Pottery | Ceramics
Lucy O’Neill started mucking around in clay in the early 80’s after taking a class at The Arrowmont School of Arts and Crafts in the Smoky Mountains. That was followed by several years at The University of Tennessee. Her clay journey continued at a number of Recreational Centers in both Tucson and Denver, including The Arvada Center for the Arts and many years at Arapahoe Community College. She has been President of The Arapahoe Ceramics Guild for 4 years.
Although she does quite a bit of functional work, she is fascinated by the random effects that Raku and other alternative forms of firing create. While very particular and critical when it comes to creating her work, she knows and loves that all control goes out the window when firing raku. While you can somewhat guide the firing, most of the results are serendipitous. You are at the mercy of the Kiln Gods.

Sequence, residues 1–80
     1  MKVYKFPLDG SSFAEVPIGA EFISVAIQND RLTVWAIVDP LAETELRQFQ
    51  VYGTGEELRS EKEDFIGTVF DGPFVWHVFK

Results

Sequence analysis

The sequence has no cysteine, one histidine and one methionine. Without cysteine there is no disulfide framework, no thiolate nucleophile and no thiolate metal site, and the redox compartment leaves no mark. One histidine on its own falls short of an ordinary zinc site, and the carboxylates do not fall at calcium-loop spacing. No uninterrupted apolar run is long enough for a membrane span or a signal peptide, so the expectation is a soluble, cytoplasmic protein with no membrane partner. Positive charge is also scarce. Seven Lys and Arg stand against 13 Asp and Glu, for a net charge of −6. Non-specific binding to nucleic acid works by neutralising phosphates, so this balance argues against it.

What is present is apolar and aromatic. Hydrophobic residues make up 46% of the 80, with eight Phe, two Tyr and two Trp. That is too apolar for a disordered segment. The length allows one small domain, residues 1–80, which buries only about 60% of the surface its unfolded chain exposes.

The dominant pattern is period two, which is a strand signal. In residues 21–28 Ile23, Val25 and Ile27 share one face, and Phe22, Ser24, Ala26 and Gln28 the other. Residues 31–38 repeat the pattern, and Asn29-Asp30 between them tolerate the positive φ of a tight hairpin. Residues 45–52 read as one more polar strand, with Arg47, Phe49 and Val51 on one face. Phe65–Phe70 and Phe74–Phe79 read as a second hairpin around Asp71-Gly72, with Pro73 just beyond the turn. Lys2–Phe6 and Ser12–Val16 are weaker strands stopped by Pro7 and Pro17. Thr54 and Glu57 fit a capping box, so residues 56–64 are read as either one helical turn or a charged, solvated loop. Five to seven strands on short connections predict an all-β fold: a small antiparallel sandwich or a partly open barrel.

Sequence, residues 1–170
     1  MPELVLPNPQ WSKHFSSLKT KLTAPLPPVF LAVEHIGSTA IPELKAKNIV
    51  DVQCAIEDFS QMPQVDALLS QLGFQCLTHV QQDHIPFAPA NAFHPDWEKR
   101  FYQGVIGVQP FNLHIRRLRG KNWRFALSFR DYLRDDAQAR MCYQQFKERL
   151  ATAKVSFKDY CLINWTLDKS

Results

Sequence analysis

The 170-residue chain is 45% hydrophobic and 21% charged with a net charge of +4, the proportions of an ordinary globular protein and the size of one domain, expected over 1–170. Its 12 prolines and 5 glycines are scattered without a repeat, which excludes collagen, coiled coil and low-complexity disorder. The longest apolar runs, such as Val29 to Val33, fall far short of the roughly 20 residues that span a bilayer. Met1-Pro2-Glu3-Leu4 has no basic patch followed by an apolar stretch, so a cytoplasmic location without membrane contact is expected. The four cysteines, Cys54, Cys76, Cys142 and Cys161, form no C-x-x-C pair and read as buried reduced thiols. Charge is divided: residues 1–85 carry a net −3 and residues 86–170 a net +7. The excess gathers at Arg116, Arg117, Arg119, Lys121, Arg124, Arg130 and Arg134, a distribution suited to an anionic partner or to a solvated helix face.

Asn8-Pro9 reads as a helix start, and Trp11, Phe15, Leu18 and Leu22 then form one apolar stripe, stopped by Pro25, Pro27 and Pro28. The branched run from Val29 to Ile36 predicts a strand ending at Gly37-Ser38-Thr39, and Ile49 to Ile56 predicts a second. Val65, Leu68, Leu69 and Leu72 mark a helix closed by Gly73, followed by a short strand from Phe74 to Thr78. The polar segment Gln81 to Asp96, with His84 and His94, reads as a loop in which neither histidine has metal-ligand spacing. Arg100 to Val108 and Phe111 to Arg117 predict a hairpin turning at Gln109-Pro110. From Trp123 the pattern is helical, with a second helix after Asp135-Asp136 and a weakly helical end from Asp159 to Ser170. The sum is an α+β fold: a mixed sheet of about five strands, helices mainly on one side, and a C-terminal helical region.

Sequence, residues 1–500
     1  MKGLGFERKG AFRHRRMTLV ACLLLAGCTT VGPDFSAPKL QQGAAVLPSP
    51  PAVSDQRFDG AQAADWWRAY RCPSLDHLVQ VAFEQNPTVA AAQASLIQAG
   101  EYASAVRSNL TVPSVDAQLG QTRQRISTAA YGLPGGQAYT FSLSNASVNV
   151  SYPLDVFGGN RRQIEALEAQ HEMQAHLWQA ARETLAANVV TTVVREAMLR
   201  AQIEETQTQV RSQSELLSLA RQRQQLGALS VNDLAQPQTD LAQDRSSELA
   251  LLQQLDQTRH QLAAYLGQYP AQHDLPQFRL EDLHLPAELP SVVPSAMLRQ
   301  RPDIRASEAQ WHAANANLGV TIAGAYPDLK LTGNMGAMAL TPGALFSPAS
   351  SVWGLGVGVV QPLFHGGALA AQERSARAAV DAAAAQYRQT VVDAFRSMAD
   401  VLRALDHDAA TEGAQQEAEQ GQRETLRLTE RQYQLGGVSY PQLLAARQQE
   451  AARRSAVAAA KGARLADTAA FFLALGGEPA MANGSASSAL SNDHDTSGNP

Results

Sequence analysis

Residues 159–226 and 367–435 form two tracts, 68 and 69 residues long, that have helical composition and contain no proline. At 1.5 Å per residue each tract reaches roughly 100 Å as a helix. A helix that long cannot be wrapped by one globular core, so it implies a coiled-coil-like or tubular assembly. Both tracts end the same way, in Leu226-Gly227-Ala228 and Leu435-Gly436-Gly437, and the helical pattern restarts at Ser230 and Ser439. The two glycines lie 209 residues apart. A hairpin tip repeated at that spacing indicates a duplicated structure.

The other variable that is ever present, is that by removing the piece from the kiln at anywhere from 1300 to 1800 degrees Fahrenheit, there is a huge risk the piece will break simply because of the extreme temperature variation producing thermal shock. As a result, no raku piece will be food safe or able to hold liquid.
Pushing the clay to its’ limits – how far out can that wall go without collapsing, how big the platter, how small the little opening at the top – all the while keeping in mind perspective, presentation and how the piece will be finished.
Phone: (303) 815-8684